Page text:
Kent chosen for trial of new clot-busting stroke drug


According to the American Heart Association, someone suffers from a stroke every 45 seconds. On average, someone dies from a stroke every three minutes. The AHA cites strokes as the fourth leading cause of death in the United States and the leading cause of long-term disabilities.

The key to preventing such disabilities is dissolving the clot within the brain responsible for the stroke. Up to now, tissue plasminogen activator (TPA) has been the prescription administered to stroke victims. But TPA only works to dissolve a clot for up to three hours after the onset of a stroke.

TPA allots a very small window of time, and for those that suffer a stroke in the middle of the night or are unsure when the onset of the symptoms occurred, the timeframe may be insufficient.

A new drug, Demoteplase, has been studied in several trials and may benefit stroke victims up to nine hours after the onset of symptoms.

Kent Hospital has been chosen to participate in a clinical trial of the new drug.

“The purpose is to significantly limit disabilities,” said Kent Hospital neurologist Dr. S.M. Arshad Iqbal.

Most strokes are caused by a blockage of oxygen to the brain due to a blood clot. Demoteplase would dissolve the clot, restoring normal function.

Dr. Iqbal said initial studies of the drug show effectiveness in doing this after nine hours, but this clinical trial will enroll a much larger number of patients.

Kent is one of 80 hospitals worldwide chosen to participate in the clinical trial, and one of only 35 in the U.S. Lundbeck, the Norwegian pharmaceutical company that produces Demoteplase, is funding the study.

Sandra Colletta, CEO of Kent Hospital, said patients who undergo treatment with the trial drug must be eligible, which requires that they be beyond the three-hour time limit for TPA. Patients must also be willing to sign consent forms. Should they not be able to sign the forms themselves, consent will be deferred to family. Patients will not be compensated monetarily.

The trial will continue indefinitely until enough cases are documented to prove the efficacy or inefficacy of the drug.

Colletta said this could take some time, the goal being to test a certain number of patients across the 80 hospitals. This means that Kent may only end up testing a handful of patients, while other hospitals could administer the drug to many more.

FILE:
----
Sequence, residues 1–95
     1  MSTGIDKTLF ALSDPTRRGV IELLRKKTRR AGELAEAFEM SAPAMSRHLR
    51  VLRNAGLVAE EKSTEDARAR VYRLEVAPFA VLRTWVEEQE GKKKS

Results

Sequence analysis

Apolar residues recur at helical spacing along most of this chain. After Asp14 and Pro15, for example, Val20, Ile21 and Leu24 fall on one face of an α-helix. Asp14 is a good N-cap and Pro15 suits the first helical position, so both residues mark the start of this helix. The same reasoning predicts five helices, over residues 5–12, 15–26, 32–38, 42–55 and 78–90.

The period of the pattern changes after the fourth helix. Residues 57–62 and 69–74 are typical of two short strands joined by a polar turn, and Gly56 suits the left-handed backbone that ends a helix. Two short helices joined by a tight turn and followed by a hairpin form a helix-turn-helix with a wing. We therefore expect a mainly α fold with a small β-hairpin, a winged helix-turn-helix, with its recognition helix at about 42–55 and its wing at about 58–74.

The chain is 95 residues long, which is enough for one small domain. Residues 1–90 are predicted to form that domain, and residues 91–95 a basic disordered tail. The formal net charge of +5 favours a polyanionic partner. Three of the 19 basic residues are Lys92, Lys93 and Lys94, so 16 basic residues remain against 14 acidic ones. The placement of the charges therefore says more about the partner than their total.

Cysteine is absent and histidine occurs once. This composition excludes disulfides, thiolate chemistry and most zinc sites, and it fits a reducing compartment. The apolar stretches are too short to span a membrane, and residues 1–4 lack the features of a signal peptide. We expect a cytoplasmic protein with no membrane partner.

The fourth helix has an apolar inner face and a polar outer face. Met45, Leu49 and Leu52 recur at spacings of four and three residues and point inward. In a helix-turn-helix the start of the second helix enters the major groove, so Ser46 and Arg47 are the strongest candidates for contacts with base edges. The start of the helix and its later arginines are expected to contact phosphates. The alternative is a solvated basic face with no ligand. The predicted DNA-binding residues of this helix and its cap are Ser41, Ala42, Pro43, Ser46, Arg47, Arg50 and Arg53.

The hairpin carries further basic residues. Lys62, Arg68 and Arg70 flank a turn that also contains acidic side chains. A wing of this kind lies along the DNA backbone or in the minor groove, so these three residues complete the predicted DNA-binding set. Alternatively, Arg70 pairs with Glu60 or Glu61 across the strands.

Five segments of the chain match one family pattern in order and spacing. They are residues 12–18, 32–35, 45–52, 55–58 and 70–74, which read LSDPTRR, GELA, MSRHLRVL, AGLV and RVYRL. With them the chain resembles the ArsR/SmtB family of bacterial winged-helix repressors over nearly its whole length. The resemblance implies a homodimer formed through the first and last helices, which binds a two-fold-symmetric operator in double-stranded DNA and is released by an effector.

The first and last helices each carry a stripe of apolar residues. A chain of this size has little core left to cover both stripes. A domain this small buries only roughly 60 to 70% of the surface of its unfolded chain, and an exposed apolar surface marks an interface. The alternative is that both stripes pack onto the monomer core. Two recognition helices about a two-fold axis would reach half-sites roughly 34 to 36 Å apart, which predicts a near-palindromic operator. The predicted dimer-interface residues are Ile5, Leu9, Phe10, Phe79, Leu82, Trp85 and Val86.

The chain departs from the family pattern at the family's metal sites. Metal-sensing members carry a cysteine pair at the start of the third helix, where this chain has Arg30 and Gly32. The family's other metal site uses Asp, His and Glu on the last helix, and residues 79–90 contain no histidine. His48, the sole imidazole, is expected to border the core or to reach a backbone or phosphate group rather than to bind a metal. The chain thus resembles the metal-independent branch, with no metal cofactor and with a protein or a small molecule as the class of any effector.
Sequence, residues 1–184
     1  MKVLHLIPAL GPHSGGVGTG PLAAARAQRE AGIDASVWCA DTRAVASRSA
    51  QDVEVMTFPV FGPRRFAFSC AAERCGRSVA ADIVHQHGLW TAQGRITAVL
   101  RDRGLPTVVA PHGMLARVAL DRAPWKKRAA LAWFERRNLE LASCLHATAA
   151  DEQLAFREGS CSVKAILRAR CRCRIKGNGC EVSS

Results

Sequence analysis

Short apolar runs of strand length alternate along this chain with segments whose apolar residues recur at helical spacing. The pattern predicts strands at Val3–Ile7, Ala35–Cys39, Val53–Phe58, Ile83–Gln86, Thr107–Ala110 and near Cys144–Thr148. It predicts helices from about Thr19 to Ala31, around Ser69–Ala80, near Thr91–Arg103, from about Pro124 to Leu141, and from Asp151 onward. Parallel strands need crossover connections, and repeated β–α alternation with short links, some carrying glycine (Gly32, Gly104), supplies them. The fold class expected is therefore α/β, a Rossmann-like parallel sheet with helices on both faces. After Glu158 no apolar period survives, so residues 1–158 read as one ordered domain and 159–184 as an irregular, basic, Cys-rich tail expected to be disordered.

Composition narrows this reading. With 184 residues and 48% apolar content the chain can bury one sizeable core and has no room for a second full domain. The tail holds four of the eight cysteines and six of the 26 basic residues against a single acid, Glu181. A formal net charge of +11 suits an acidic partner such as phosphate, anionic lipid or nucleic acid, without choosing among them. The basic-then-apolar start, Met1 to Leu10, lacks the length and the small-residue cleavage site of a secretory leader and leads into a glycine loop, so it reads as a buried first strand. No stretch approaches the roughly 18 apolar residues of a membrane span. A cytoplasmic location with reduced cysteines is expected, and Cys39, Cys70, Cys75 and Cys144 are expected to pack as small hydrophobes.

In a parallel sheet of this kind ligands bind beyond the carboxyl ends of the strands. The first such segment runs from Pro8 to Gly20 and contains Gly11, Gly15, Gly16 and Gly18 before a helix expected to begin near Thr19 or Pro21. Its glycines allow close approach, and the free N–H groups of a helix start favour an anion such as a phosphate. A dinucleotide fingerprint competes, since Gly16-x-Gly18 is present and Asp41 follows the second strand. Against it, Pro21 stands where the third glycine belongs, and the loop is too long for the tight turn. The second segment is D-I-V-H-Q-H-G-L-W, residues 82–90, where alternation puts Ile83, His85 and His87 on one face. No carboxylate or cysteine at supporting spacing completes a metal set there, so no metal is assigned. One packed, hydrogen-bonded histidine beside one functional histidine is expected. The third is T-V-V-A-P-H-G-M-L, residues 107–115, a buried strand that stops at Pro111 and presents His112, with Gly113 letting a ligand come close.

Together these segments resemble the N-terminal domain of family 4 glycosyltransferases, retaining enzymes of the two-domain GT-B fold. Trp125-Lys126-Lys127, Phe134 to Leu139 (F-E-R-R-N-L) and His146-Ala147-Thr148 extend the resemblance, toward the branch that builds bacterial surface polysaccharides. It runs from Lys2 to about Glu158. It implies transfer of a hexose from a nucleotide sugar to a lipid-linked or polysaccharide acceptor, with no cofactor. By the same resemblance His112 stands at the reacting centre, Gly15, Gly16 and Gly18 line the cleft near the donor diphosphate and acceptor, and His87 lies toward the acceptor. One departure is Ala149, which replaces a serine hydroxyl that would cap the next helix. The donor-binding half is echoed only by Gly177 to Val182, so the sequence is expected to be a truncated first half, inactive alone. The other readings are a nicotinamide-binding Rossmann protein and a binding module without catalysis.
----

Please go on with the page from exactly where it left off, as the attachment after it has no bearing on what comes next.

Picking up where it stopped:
“I’m very excited about this,” said Dr. Iqbal about the trial of Demoteplase. “There’s suddenly a much larger window of opportunity.”

Dr. Iqbal is hopeful that this treatment will prevent a larger number of permanent disabilities.

Despite the promise of the new treatment, Iqbal encourages people to seek medical help as soon as they believe they are experiencing the onset of a stroke.

“People still have to undergo testing to determine treatment,” he said, which can add critical time to the three-hour window of efficacy for TPA.

Symptoms of a stroke include abrupt loss of function (such as speech, sight and mobility) or sudden numbness in an area of the body.

“People experience numbness and think it will go away on its own,” said Dr. Iqbal. But if a stroke victim lets the symptom go, they may lose their ability to walk, speak or use a limb.

“The key is abrupt or sudden change,” said Dr. Iqbal, who said people should take note of any sudden changes to their function.

“People who have hypertension, diabetes, high cholesterol, risk of heart attack or previous strokes are most at risk,” he said.

“These symptoms are most prevalent above age 60.”

But that doesn’t mean that people under the age of 60 are exempt from having a stroke.

“Smokers of any age are at risk,” he said, “and young women who smoke and are on birth control.”

Despite his hopes for a successful trial, Iqbal is still mindful of the long way Demoteplase must go before FDA approval.

“This is a trial,” he said. “It doesn’t mean we have a [new] treatment.”


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